Milwaukee Studio Visit: Author and Illustrator Lois Ehlert–Part Two

Lois and Donele. Photo by Megan Yanz Photography

Lois and Donele. Photo by Megan Yanz Photography

I recently had the privilege of visiting the home and studio of Lois Ehlert, Milwaukee’s award-winning children’s book author, along with my photographer friend Megan Yanz. Ehlert published a personal and inspiring new book in March called The Scraps Book: Notes from a Colorful Life, which you can learn more about in our previous post about our visit to Ehlert’s studio. Ehlert’s home, as you can see from Megan’s photos that accompany this post, is a welcoming gallery-like space that deserves its own story. Please enjoy this continuation of our visit to Lois Ehlert’s home and studio, and note that there is a giveaway at the end of this post.

As Ehlert told us, creating a home “is like kind of like creating the books, too—it’s a collage. You get something, you add it to something, you rearrange it and you make a little composition.” And while her apartment is creatively filled with a Museum-worthy collection of global folk-art, and includes her drawing board workspace, it still feels like a home–a place to relax, enjoy life and welcome friends and family.

Breakfast Nook. Photo by Megan Yanz Photography

Breakfast Nook. Photo by Megan Yanz Photography

Entering Ehlert’s apartment, we were immediately greeted by the aroma of fresh flowers, and the sight of books, plants, and art. In short: much of what is good in this world is right at your fingertips the moment you step over the threshold. And the first object that caught my eye is the folk-art tree pictured here, which Ehlert found at a now-closed global arts shop in Milwaukee and which immediately called to my mind Chicka Chicka Boom Boom, of course.

Chicka Chicka Boom Boom-like Tree. Photo by Megan Yanz Photography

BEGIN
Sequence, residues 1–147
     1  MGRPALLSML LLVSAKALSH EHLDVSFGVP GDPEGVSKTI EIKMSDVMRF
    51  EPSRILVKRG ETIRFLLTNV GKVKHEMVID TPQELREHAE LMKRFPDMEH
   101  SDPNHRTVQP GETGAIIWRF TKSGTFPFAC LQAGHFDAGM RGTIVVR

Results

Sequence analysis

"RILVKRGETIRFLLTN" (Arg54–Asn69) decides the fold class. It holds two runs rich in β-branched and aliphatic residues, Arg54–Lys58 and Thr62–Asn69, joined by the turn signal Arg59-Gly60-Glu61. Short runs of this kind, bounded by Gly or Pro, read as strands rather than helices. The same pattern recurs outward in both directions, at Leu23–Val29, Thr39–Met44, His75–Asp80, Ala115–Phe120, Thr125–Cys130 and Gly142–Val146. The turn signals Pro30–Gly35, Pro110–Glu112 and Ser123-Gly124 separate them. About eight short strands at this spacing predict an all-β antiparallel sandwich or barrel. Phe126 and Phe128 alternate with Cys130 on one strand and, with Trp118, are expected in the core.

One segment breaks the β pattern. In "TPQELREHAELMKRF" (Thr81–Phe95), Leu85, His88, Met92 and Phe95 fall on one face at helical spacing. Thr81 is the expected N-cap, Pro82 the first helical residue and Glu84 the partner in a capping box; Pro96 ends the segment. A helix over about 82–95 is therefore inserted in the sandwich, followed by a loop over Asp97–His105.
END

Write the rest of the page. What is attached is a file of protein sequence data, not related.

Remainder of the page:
Chicka Chicka Boom Boom-like Tree. Photo by Megan Yanz Photography

Ehlert is an established artist with friends in the art and museum worlds who have taught her a trick or two about keeping her folk-art collection organized. Ehlert enjoys a beautifully integrated life, where the scrap material of her own creations becomes the backbone of “curating” her art collection. “I have a 3×5 card for each thing and I make a sketch on the back side,” she says. “I write down how much I paid for it, when I bought it, the year and I describe it in words as to color or whatever. I learned that from a chief curator. I make the postcards out of left-over color Xeroxes from when I’m working on a book. A lot of time when I’m working on a book, I’ll go to Kinko’s and make color copies… I think the color Xerox is better color [than a computer], because I buy a special paper from them, it’s a little heavier weight and I can work around the composition.”

Collection in Living Room. Photo by Megan Yanz Photography

Collection in Living Room. Photo by Megan Yanz Photography

Folk Art Rooster. Photo by Megan Yanz Photography

Folk Art Rooster. Photo by Megan Yanz Photography

Living Room. Photo by Megan Yanz Photography

Living Room. Photo by Megan Yanz Photography